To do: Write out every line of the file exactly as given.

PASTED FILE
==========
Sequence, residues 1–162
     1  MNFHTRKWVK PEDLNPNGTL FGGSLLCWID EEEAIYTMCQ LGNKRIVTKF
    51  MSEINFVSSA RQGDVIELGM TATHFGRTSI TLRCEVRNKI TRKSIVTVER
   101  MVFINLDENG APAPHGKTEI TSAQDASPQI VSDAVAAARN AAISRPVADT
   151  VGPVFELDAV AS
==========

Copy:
Sequence, residues 1–162
     1  MNFHTRKWVK PEDLNPNGTL FGGSLLCWID EEEAIYTMCQ LGNKRIVTKF
    51  MSEINFVSSA RQGDVIELGM TATHFGRTSI TLRCEVRNKI TRKSIVTVER
   101  MVFINLDENG APAPHGKTEI TSAQDASPQI VSDAVAAARN AAISRPVADT
   151  VGPVFELDAV AS